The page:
To PreMarket or not to PreMarket

When House Buyers had a commanding grip on the market and seemed to hold most all of the cards, house sellers and their agents would try most anything to get their attention.

Conventional wisdom shifted towards the notion of the power of “PreMarketing” . . . to “leak” information about the house before actually listing it on the market. “Coming Soon” sign-riders would appear on for sale signs days (sometimes weeks) before listing it for sale and permitting Buyer previewings.

These “Teaser Campaigns” were intended to build excitement . . . intrigue prospective buyers . . . and create a momentum that would UNLEASH as soon as the first viewings were allowed (or so the story goes).

Some lucky REALTORS would hear about “coming soon” listings even EARLIER and might even be able to show them before anyone else even knew it was coming on the market . . . and they would treat their Buyers to a “First Buyer to See” performance.

If it worked, it would possibly stir up a small tribe of Buyers who might begin competing to “WIN” . . . and occasionally result a higher than market value sale without the pesky need for staging and showing and conventional marketing.

Things have changed.

PreMarketing can now backfire in a serious way.

Many areas have now swung wildly to the “Sellers’ Market” side in which values are actually increasing with virtually every new sale.

These days, the inventory of available houses is LOW . . . so any new listing gets LOTS of attention by hungry buyers.

Any level of premarketing may result in what I call a “Too Fast” sale . . .

Sellers and Listing agents who allow showings before exposing the house to the WHOLE market are narrowing their pool of prospective buyers to an elite few who may JUMP immediately and snatch it up.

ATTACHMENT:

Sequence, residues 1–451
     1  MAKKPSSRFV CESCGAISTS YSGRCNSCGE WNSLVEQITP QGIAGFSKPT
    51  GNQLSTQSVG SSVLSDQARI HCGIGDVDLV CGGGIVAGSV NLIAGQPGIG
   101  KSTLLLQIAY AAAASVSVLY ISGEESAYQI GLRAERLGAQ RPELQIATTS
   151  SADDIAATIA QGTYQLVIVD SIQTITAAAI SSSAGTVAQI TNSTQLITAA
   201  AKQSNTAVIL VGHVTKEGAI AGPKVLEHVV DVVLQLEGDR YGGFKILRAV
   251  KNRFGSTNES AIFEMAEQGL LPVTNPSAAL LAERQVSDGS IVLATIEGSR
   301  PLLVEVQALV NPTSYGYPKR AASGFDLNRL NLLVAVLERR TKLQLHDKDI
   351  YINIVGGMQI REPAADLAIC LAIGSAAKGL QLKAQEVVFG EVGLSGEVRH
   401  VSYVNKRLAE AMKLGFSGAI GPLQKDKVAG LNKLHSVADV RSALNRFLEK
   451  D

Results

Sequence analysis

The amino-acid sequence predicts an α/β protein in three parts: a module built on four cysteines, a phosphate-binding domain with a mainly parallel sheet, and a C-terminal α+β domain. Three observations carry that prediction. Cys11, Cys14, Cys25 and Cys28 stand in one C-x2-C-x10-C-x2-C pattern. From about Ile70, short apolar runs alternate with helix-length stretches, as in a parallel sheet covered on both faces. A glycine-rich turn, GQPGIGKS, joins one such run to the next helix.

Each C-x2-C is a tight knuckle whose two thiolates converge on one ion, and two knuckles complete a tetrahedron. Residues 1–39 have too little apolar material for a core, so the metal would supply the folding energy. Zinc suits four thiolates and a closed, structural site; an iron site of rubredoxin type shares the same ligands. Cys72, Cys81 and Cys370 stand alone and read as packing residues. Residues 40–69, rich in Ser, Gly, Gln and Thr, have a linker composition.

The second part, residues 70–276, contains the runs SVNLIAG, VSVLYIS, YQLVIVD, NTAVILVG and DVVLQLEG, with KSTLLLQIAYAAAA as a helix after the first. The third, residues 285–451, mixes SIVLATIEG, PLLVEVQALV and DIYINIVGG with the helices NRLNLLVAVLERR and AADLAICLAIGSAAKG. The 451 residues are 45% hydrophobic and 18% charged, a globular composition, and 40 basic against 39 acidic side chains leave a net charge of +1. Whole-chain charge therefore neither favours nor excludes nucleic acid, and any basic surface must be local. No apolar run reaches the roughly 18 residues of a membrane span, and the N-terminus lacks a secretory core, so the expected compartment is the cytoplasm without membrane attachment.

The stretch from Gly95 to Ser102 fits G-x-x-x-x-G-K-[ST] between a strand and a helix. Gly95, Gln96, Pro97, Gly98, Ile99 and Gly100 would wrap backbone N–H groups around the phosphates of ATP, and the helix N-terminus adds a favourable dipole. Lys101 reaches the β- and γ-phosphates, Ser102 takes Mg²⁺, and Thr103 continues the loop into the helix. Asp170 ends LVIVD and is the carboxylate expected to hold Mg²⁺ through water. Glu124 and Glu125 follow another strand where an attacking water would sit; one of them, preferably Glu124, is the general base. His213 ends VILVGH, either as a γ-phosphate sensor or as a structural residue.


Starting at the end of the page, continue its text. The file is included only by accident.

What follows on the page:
“What’s wrong with THAT?” say you

What’s wrong with it is that (IMHO) unless a property is exposed to the WHOLE market, the Seller will never know true market value which could be significantly higher than the scientific “Comparable Analysis Value.”

Who’s to say that multiple Buyers might show up upon initial listing and bring multiple offers (some might even have escalation clauses) thereby “bidding the price over the listing price?”

Case study:

Seller A lives in a “Tract Neighborhood” in which the comparable sales justify a price of $200,000 for floor plan “2450.” Agent A advises Seller A to price their house at $200,000 and recommends that they premarket the “Coming Soon” listing to her network of preferred REALTORS.

Seller A agrees, and the plan swings into action . . . The property SELLS to the first Buyers who looks at it (premarket) . . . $200,000 – CLEAN offer.

Everyone is ecstatic until . . .

Seller B . . . 3 doors down . . . Floor plan “2450” in comparable condition and identical lot size . . . LISTS his house at $225,000 . . . and is IMMEDIATELY covered with prospective Buyer viewings resulting in 3 offers and ultimately selling “Over Asking price” within 3 days of coming on the market.

Seller A is NOT happy anymore . . . 25,000 could have been $  . . . MISSED!

all due to an “antiquated marketing strategy”

How long does it take for a marketing strategy to become “antiquated?”

We don’t know . . . When the market shifts, it does so QUICKLY!

The REALTORS who are able to stay ahead (or with) this “game” are the ones who consistently study housing SUPPLY inventory as it relates to Buyer DEMAND.

In a shifting market (which is ALWAYS), these statisticians’ clients WIN!

My lesson:



Published by Barry Owen

Strategist-CEO of Pareto Realty Real estate sales Professional Inviter-Facilitator-Practicer of Open Space Technology Opening safe space for people & organizations to self-organize around issues & opportunities BarryOwen.US Invite-Listen-Love

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